Why we love it:

  • Original and intriguing Maths based puzzle game.
  • Intuitive tactile interface.
  • A gentle and satisfying difficulty curve.

Get it for iOS or Android

The Sandbox by Pixowl


The Sandbox is a free-to-play physics simulator. Players are given access to an array of materials and encouraged to experiment with them. Each material has a unique property and will react to other materials placed nearby. This allows the player to build simple machines, electrical circuits and a variety chemistry based experiments. Whilst the tutorial gently guides you through a variety of in-game possibilities it is the free play mode that offers the player long term fulfilment. The control system makes the most of the iOS touchscreen and offers a simple and intuitive interface which is perfect for experimentation.

Why we love it:

  • Learn about a variety of materials and their properties.
  • Build circuits, conduct experiments and create structures virtually.
  • Save, share and rate your best creations in the online gallery.

Play it online or get it for iOS or Android

Untrusted by Alex Nisnevich


Untrusted is a lo-fi adventure game which challenges you to escape from a series of increasingly cryptic puzzle rooms by editing the very code that is running the game in your web browser.

With its atmospheric electronic soundtrack and authentic ASCII-art aesthetic, Untrusted evokes the feel of classic cyberpunk literature and hacker culture, while also helping players improve their programming skills. There has been a wave of games exploring programming concepts recently, but what makes Untrusted stand out is its focus on getting players to really think like a programmer. With a strong emphasis on reading unfamiliar code and modifying it through the creative use of a limited set of commands, the game helps budding coders to develop the core problem solving skills that are transferable to any programming language.

Why we love it:

  • Retro aesthetic gives the game an authentic hacker feel.
  • Open-ended design means there are many solutions.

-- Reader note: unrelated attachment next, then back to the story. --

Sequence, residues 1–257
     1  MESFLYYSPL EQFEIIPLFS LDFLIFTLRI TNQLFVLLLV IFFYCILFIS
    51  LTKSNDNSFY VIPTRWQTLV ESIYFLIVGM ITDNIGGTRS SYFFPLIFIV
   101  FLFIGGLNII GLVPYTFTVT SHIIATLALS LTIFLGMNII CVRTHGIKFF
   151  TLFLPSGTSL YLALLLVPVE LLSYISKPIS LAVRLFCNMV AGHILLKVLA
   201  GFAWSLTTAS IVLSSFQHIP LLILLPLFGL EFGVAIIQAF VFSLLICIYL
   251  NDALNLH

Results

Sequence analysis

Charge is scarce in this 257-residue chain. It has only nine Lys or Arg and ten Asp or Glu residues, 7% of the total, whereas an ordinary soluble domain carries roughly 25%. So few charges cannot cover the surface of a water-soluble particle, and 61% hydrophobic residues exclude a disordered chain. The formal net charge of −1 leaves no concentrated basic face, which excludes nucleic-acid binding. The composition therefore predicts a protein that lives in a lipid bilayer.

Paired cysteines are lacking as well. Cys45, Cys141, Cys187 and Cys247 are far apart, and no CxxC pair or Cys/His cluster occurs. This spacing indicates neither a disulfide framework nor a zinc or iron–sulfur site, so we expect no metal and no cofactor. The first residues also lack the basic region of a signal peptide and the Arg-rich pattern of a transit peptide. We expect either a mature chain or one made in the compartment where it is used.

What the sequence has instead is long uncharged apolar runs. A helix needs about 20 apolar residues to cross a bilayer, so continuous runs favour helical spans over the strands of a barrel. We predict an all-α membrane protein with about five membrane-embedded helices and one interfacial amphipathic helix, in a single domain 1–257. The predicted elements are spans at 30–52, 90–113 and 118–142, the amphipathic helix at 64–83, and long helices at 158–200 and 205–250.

• Modifying code makes you think like a programmer.
  • The game’s code is open source and downloadable.

Play it online

The Great Brain Experiment by White Bat and The Wellcome Trust


The Great Brain Experiment is a Wellcome funded mobile app for android and iOS with a welcoming and friendly art style that hides its serious scientific purpose.

The app packages up a number of psychological tests as a mini game compendium and record the player’s every move, thereby gathering a wealth of information useful in the study of Neuroscience. The games themselves are simple tests of both dexterity and perhaps more importantly, character. They test things like how you deal with pressure, whether you are a risk taker, whether you are impulsive and a number of other character traits.

Why we love it:

  • High production value for a free app.
  • Interesting game mechanics that test more than dexterity.
  • The chance to take part in a ground breaking MME (Massive Multiplayer Experiment).

Get it for iOS or Android

Ouch by Thought Den


Ouch is a simple yet effective micro game built by Thought Den for the Science Museum. Based on the Arcade classic Missile Command, it explores how patients can manage their pain using a variety of methods. An unwitting central character becomes the focal point for a succession of pain impulses that could easily tip them over the edge. Your job is to intercept the pain impulses before they reach the brain.

A positive mood can help make your task a little easier, represented by cute smiling faces that can be used to take the edge off, but you will still need some quick-click skills to place your placebos. When the stakes increase you can use painkillers, but an over-reliance on these will see them become less and less effective. More outlandish solutions include the impulse-blocking spider venom and the reliable smart bomb general anaesthetic.

Why we love it:

  • Simple and appealing art style
  • Classic arcade gameplay, with room for replays
  • Clearly conveys the learning messages

Fort McMoney by David Dufresne


Fort McMoney is a point and click adventure that puts you into the heart of the moral dilemma that is the Canadian oil business. McMoney uses documentary footage to add a deep sense of realism to the game. Taking on the role of environmental detective you meet and greet everyone concerned from the native inhabitants to the executives and politicians that are driving the oil business deep in the Albertan countryside. The framework of the game encourages users to debate the issues with the wider community and for once you get the feeling that there is enough information available in the game to fuel a really constructive dialogue.

Why we love it:

  • Modern take on the point and click adventure
  • Hours of fascinating documentary footage
  • Links to debating forum where the topic can be explored further

Play it online